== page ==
On July 28, the United Nations asked for a 3-day ceasefire to distribute relief in Lebanon and evacuate civilians from the Israeli free-fire zones in the south. It was sharply rejected the next day by the Israeli government. Its spokesman Avi Pazner stated: “There is no need for a ceasefire. Israel has already opened a humanitarian corridor ». However, this was contradicted by both MSF and the International Red Cross, who throughout the war and had their convoys fired by Israeli artillery and air force. Although the humanitarian organizations made agreements with the Israeli military, these agreements are immediately broken. Later, the Israeli foreign minister came up with another reason for the Israeli rejection: “Hezbollah just wants to use the ceasefire to bring in civilians they can use as shields.” This statement, in contrast, contradicted the Israeli Justice Minister’s July 26 statement that Israel regarded all members of southern Lebanon as members of Hezbollah – and therefore defamed them. This opinion was in line with Israeli practice. Israel killed another 16 civilians in July 29 attacks. Including a mother and her 5 children. At the same time, it bombed the Lebanon-Syria border to prevent relief from entering Lebanon and refugees from exiting. Israel ignored international calls – including UN humanitarian calls – because the country had carte blance from the United States to continue the war regardless of civilian casualties. This opinion was in line with Israeli practice. Israel killed another 16 civilians in July 29 attacks. Including a mother and her 5 children. At the same time, it bombed the Lebanon-Syria border to prevent relief from entering Lebanon and refugees from exiting. Israel ignored international calls – including UN humanitarian calls – because the country had carte blance from the United States to continue the war regardless of civilian casualties. This opinion was in line with Israeli practice. Israel killed another 16 civilians in July 29 attacks. Including a mother and her 5 children. At the same time, it bombed the Lebanon-Syria border to prevent relief from entering Lebanon and refugees from exiting. Israel ignored international calls – including UN humanitarian calls – because the country had carte blance from the United States to continue the war regardless of civilian casualties.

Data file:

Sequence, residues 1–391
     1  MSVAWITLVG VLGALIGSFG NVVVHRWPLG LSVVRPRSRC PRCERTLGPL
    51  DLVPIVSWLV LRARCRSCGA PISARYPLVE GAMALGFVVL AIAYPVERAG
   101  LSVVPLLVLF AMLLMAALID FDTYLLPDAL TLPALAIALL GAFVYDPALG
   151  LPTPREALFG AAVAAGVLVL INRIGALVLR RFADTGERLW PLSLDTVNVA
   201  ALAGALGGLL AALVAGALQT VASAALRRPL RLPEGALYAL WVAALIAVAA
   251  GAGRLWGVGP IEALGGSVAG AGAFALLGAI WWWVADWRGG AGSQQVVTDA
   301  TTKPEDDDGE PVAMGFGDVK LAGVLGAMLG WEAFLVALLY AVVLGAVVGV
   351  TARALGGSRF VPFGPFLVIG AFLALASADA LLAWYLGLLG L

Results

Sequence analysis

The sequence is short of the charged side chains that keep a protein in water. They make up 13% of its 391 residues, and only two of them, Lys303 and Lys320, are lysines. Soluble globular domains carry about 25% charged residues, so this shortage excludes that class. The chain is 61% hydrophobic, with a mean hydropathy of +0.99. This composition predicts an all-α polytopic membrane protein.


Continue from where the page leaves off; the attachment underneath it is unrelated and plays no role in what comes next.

Following the adoption of the Security Council Resolution on August 11 and the adoption of August 14 at 1 p.m. At 5:00 GMT as the time for the cessation of the fighting, Kofi Annan urged the parties to immediately stop the fighting or at least reduce the scale. In vain. Israel responded to the resolution by sending 30,000 soldiers into Lebanon four hours later, escalating the attacks and bombings.
At the start of the war, many Lebanese criticized Hezbollah for triggering the conflict in his arrest of 2 Israeli soldiers, but as the war unfolded with Israeli terror against the Lebanese civilian population, Hezbollah as the only force fighting the Israeli invasion force and the global community’s failure to protect the Lebanese population turned the mood. Hezbollah was avalanche-supported – across religion and ethnicity. A July 26 poll showed that 72% of Lebanese now support Hezbollah’s capture of 2 Israeli soldiers on July 12, and 85% supported Hezbollah’s defense of Lebanon against Israel’s attempt to invade the country in the south. The backing was greatest among Shia Muslims, but Sunnis and Christians also overwhelmingly backed Hezbollah. The country’s other major Shia militia – Amal – announced that it was also fully involved in the fight against the Israeli invasion forces. In early August, over 90% of Lebanese supported Hezbollah’s defense of Lebanon.
At the beginning of August, Israel recognized its extensive support and extended its bombing of Beirut to Christian neighborhoods, and southern Lebanon to Christian villages as well.
Hezbollah’s backing was not limited to Lebanon. The organization’s ability to defend Lebanon against the Israeli invasion forces caused its popularity to explode throughout the Arab world. Just months earlier, it was completely inconceivable to see Hezbollah’s flag in Sunni-dominated countries such as the Gulf states and Saudi Arabia, but quickly gained stellar popularity and its leader Hannan Nazrallah achieved a status that reached the level of Nassers. This popularity was not limited to the Muslim population. Christian and secular Arabs in not only Lebanon and Palestine but the entire Arab world also expressed admiration for Hezbollah’s efforts, which in a few weeks destroyed the image Israel had built over 50 years that its army (IDF) was invincible. Israel launched after 1 week of terrorist bombings of the Lebanon land war and declared it would occupy southern Lebanon up to the Litani River, but Hezbollah’s resistance to the invasion force was so fierce and well prepared that both Israeli elite forces and reservists were repeatedly beaten and forced to retreat out.
In that sense, US Secretary of State Condoleeza Rice was right in his view that the war would reshape the situation in the Middle East. It showed that even though Israel had unconditional air supremacy, its land forces could be run on flight, and at the same time the war intensified opposition to the United States and Israel. The well-educated middle class in Lebanon now turned openly toward the United States, having for decades held the United States as its ideal. The reason was its open support for Israel’s destruction of Lebanon. In the Arab dictatorship states that are allied with the United States – Gulf states, Saudi Arabia, Jordan and Egypt – the rulers fear this development because it also undermines their own positions of power.
According to Countryaah reports, the population of Israel in 2008 was 7,346,335, ranking number 100 in the world. The population growth rate was 2.390% yearly, and the population density was 339.4846 people per km2.